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Author's Corner


Author Janet S. Wong

Since the time I was supposed to have learned all about fractions and decimals, I have known I would not be a mathematician. I knew, too, I never would be a neurosurgeon, which my father once wanted me to be. But I never thought I would be a poet, either. As far as I can remember - and at least since fourth grade - I remember hating poetry. I can't say, honestly, that I read much of it, but I did not like what I read - especially when I had to read it aloud! So why do I write poetry now?

One Saturday in September 1991 I attended a workshop on writing for children. When Myra Cohn Livingston, one of the speakers, began to talk about poetry, I started to doodle and daydream, since I knew I was not interested in poetry, of all things. But then she recited the title poem from her book There Was A Place and Other Poems (McElderry Books, 1988), and the next thing I knew, I was blinking back tears. What a powerful piece of writing!

Since then I have taken Myra Cohn Livingston's poetry classes four times. I have read thousands of poems, and written hundreds. I do not like many of the poems I read, and I don not like most of the poems I write. But when I stumble upon - or write - a poem I love, what a great day! The poems I love to read are like "There Was A Place": short, simple poems about family and everyday life. I like poems that are not afraid to talk about painful things. I like poems that make you laugh, or cry; poems that grab yo9u and make you read them again; poems that make you think.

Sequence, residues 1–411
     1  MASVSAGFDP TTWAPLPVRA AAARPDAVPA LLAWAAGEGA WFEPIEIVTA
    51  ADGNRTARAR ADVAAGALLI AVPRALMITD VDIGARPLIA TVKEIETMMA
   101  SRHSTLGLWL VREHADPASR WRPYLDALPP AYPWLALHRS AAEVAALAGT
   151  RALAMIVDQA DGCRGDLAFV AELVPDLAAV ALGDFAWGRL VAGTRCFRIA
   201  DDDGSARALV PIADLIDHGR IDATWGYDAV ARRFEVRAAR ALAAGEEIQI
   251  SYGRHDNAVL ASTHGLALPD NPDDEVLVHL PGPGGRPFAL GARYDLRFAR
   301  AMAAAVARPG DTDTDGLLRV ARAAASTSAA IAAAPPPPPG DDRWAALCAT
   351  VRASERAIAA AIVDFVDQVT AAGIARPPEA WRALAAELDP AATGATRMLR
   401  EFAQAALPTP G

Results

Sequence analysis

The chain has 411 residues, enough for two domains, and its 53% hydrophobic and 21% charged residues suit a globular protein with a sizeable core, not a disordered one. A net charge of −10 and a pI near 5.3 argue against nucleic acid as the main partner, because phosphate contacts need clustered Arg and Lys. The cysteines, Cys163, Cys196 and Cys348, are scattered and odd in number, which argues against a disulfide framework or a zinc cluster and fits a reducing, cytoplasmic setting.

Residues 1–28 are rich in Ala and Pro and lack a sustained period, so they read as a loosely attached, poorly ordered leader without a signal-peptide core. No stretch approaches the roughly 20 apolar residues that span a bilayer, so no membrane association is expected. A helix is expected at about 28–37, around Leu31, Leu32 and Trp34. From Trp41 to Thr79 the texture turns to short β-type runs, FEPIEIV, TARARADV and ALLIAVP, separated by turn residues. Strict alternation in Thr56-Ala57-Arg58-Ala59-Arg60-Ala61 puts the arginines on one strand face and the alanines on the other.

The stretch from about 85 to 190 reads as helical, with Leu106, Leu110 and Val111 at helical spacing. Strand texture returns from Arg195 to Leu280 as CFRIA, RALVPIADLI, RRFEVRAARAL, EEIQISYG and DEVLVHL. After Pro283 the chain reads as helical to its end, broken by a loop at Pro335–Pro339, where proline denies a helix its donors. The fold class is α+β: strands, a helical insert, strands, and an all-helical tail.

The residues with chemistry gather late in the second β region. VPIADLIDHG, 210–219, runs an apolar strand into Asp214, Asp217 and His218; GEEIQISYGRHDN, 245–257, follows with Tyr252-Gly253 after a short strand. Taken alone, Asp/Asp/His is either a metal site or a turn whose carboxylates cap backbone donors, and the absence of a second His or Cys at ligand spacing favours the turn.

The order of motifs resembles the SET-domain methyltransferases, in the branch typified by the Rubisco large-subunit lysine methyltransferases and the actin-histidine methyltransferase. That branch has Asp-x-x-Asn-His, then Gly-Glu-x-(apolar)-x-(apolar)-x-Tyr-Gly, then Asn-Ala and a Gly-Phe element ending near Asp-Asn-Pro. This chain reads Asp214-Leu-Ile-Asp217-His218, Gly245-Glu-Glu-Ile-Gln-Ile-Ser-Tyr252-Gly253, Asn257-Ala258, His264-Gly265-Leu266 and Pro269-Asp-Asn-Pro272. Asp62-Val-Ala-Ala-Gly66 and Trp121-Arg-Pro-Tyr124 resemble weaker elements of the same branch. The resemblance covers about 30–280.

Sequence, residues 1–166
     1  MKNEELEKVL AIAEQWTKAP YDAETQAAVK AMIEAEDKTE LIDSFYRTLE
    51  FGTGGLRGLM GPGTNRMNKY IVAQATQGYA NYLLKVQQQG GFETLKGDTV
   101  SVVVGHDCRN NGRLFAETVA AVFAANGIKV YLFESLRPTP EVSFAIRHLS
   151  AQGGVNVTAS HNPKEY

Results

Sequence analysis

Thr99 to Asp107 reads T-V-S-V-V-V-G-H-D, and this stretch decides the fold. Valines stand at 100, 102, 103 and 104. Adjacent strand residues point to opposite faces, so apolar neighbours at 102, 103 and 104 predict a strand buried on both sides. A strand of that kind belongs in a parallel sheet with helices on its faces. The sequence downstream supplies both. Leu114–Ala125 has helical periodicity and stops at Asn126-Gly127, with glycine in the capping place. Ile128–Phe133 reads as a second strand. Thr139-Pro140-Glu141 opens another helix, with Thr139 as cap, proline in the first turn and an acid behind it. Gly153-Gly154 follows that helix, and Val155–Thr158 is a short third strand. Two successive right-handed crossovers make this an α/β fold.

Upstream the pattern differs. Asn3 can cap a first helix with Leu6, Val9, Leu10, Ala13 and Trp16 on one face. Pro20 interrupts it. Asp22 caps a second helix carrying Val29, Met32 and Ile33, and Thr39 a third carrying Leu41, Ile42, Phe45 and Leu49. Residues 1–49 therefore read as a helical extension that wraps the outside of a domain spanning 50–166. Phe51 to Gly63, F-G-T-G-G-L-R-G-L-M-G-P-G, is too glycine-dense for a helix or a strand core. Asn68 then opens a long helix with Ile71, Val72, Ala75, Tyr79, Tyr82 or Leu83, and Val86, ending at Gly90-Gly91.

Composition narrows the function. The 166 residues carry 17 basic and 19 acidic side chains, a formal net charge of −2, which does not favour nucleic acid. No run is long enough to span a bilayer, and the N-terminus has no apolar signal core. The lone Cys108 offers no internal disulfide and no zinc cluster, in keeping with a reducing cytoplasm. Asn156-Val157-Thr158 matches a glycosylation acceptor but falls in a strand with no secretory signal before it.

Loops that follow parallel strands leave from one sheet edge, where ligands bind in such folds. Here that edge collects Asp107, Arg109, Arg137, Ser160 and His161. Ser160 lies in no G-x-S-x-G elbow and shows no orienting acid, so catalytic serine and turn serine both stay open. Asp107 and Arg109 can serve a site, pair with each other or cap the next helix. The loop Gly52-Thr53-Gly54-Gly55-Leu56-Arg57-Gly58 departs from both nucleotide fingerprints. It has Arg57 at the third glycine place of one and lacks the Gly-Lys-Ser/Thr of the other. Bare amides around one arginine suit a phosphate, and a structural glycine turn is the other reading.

Poetry is, in a way, like shouting. Since you can't yell at the top of you lungs for a very long time, you have to decide what you really need to say, and say it quickly. In a way, too, I suppose, poetry is like math. An idea for a poem is a problem that needs to be solved - and for me, the fun is in finding an answer.

Janet S. Wong was born in Los Angeles, the child of a Chinese immigrant father and a Korean immigrant mother. She graduated from UCLA summa cum laude with a B.A. in history and then obtained a J.D. from Yale Law School. After practicing law for a few years, she decided to devote her time to writing instead. Ms. Wong lives in Los Angeles with her husband and son.

Her first book, Good Luck Gold and Other Poems, is a collection of forty-two poems that reflect her experience growing up as a multicultural Asian-American child. Her second book, A Suitcase of Seaweed and Other Poems, is a collection of poems and prose pieces divided into 3 sections: Korean poems, Chinese poems and American poems.

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